CHARLOTTE, N.C. (QUEEN CITY NEWS) – No matter what branch they’re in, each service member develops a specific set of skills.
Sometimes those skills translate well into the civilian world, and sometimes it’s a bit tricker.
“It’s an adjustment. I can testify to that firsthand,” said Dale Durand, a recent retiree from a 30-year career in the Marine Corps.
Durand has now moved from information technology at the Pentagon to a much different environment.
“I now work full-time with the Billy Graham Evangelistic Association,” he said.
Durand was able to take his IT training from the military and apply it to a career outside the service, but that’s not always the case.
Aaron Harper with Veterans Bridge Home in Charlotte sees it a lot.
“They don’t have any college; they don’t have certifications or anything like that other than military certification related to combat,” he explained. “An employer or HR person looks at their resume, you’re like, ‘you’ve done a whole bunch of cool stuff, but you’re equivalent to a high school graduate.'”
Harper is a retired fifth-generation Marine and has accepted a new mission to help connect veterans with employment, housing, healthcare, and community needs through Veterans Bridge Home.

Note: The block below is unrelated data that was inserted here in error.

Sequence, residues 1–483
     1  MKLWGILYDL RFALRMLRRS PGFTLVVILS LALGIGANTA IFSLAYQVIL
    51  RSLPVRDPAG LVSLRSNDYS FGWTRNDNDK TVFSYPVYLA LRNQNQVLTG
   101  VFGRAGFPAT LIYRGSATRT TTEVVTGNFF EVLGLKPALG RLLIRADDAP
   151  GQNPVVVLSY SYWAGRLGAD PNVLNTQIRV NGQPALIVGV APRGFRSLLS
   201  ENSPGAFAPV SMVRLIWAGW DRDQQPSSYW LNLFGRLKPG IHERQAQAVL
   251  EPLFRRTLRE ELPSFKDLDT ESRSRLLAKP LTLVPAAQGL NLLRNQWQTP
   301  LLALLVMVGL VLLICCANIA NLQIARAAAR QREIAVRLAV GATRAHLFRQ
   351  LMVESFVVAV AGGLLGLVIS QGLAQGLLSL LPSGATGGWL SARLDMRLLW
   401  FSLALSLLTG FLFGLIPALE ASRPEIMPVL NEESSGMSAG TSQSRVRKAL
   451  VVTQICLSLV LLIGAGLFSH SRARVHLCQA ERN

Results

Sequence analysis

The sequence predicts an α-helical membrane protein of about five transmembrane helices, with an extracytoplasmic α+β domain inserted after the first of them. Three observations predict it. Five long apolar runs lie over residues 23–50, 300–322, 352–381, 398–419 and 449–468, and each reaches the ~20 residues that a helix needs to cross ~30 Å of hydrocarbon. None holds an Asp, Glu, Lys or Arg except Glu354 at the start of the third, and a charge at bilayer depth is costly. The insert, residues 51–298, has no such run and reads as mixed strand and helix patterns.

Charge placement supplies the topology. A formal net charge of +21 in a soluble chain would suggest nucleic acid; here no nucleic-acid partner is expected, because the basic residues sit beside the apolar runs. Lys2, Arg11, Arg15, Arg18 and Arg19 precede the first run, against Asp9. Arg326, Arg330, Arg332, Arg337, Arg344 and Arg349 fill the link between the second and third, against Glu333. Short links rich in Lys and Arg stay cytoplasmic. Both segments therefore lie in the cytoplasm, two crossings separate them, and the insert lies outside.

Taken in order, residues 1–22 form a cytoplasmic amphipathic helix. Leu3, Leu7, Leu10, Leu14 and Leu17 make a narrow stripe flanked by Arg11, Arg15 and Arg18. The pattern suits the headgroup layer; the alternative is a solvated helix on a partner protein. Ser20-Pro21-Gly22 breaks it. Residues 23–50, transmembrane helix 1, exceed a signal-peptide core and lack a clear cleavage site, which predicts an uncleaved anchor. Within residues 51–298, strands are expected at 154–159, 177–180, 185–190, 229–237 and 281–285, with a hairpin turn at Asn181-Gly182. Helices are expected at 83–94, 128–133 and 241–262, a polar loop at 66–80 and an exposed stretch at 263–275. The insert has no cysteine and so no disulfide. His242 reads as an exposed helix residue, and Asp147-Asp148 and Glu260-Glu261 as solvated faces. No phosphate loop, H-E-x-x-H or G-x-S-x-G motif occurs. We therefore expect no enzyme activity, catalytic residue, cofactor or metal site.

‘We don’t actually have any homes, but we do have folks that can connect to them so that it’s a right resource, right veteran, right connection, right time,” he said.
He said that the key to a successful transition is finding direction.
“When you meet that vet, and they’re like, ‘I can do anything,’ there’s a super gung-ho attitude,” he said. “It’s like, I agree with you, you probably can, well let’s narrow that down. What do you really want to do? And then what also are you qualified to do?”
While Durand stuck with the IT field, he leaned on Veterans Bridge Home when it was time to jump back into work and get plugged into a community, which he says can also be a struggle.
“You know, it goes down to ultimately having the courage as a veteran to step out under the new label and lifestyle, learning to accept the assistance,” Durand said.
It’s adjusting to even the small things, like picking your work wardrobe for the first time in 30 years.
While Durand said the veteran community had been embraced here in Charlotte, he’s encouraging all companies to look beyond words on a resume and consider bringing them on board.
“I think it’s without exception that veterans of any scale or time of service, there are just some intrinsic intangibles that they bring to an organization,” he said.
According to a LinkedIn Veteran Opportunity Report, 33% of veterans are considered under-employed, which can lead to lower wages and lower personal development.
Veterans are also 70% more likely to take a step back in seniority when leaving the service.